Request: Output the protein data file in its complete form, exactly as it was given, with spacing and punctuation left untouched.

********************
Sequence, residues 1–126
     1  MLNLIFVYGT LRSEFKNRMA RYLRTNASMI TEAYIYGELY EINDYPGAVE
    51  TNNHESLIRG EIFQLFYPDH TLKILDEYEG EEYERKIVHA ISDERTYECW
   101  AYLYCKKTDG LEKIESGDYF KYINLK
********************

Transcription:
Sequence, residues 1–126
     1  MLNLIFVYGT LRSEFKNRMA RYLRTNASMI TEAYIYGELY EINDYPGAVE
    51  TNNHESLIRG EIFQLFYPDH TLKILDEYEG EEYERKIVHA ISDERTYECW
   101  AYLYCKKTDG LEKIESGDYF KYINLK